Meaning of eristic in English:


Pronunciation /ɛˈrɪstɪk/


  • 1Of or characterized by debate or argument.

    ‘While most of this dialogue is given over to Euthydemus’ and Dionysiodorus' eristic display, there are two Socratic interludes.’
    • ‘In the early history of television, program producers could afford an eristic assumption that they were message purveyors to a receiver-only audience.’
    • ‘According to Schopenhauer Eristic Dialectic is mainly concerned to tabulate and analyse dishonest stratagems, in order that in a real debate they may be at once recognised and defeated.’
    1. 1.1(of an argument or arguer) aiming at winning rather than at reaching the truth.
      ‘In Eric Ambler's prewar thrillers, the interest (in Auden's words) is ‘the ethical and eristic conflict between good and evil, between Us and Them.’’
      • ‘The squaring of the circle by means of lunes is not eristic, but the quadrature of Bryson is eristic.’
      • ‘Eristic dialogue is arguing for the sake of conflict, fighting, and often to see who can yell the loudest.’
      • ‘Hippias infers from the look of Socrates' speeches and deeds that he is an eristic sophist.’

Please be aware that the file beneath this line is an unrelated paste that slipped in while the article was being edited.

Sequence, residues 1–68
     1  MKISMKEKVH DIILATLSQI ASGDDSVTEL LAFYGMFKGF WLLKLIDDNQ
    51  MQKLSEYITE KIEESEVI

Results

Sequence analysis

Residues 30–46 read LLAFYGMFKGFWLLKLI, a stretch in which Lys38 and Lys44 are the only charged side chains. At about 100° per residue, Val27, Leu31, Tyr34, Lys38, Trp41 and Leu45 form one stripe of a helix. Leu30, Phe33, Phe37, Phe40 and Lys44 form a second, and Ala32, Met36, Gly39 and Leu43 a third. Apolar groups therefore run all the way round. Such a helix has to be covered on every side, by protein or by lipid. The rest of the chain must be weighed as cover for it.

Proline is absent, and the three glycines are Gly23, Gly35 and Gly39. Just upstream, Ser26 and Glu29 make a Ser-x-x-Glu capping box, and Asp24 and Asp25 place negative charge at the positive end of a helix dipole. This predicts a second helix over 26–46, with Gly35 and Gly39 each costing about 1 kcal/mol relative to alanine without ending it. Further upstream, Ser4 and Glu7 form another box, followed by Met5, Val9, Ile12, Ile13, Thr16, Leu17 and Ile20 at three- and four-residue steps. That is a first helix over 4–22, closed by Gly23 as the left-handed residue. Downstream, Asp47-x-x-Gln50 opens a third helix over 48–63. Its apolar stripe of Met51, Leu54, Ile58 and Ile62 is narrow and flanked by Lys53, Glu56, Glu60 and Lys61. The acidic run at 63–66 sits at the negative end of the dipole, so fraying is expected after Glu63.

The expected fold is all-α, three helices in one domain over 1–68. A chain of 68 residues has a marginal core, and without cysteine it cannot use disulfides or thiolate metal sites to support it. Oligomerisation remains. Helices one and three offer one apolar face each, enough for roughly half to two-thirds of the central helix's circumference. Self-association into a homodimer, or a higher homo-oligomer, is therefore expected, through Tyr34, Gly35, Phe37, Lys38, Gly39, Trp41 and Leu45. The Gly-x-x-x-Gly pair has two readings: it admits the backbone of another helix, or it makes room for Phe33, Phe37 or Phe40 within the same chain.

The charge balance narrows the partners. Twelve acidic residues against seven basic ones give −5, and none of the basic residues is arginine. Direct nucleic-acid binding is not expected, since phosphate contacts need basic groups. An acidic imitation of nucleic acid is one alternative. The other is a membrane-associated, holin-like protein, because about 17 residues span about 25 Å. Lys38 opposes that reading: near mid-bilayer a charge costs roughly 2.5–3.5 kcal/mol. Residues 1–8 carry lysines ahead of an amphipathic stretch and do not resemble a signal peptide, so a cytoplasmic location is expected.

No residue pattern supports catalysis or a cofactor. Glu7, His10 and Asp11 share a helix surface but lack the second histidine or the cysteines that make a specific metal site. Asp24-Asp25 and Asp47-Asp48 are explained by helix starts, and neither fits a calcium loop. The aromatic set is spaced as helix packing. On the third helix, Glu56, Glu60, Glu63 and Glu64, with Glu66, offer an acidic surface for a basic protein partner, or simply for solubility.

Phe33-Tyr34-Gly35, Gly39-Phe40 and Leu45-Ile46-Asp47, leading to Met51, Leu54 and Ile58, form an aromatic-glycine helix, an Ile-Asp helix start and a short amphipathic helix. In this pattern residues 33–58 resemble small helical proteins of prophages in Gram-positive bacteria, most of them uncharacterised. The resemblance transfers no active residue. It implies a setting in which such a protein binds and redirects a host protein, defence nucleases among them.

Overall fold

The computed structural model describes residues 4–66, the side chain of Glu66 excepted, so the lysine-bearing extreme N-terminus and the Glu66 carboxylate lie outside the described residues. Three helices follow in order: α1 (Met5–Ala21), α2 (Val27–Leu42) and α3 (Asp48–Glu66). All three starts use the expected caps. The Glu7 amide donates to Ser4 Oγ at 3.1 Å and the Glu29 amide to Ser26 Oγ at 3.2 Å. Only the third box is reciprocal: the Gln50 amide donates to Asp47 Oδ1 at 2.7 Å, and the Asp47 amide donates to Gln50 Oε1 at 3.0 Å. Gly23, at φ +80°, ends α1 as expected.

• 1A person given to debate or argument.

    ‘Moreover, we know by the evidence of Sokrates himself, that he was an Eristic not only by taste, but on principle, and by a sense of duty.’
    • ‘An ancient comic writer has said of him: Eubulides the Eristic, who proposed sophistic dilemmas and confounded the orators with false and pompous arguments, is gone with the vulgar and useless chatter of Demosthenes.’
    1. 1.1mass noun The art or practice of debate or argument.
      ‘Arthur Schopenhauer once wrote a marvelously cynical manual of eristics called The Art of Always Being Right.’
      • ‘In the dialogue Euthydemus, Plato satirizes eristic.’
      • ‘It has now fallen to the level of Eristics, in which the winner of a debate is the one who shouts the loudest and has the best arsenal of insults.’


Mid 17th century from Greek eristikos, from erizein ‘to wrangle’, from eris ‘strife’.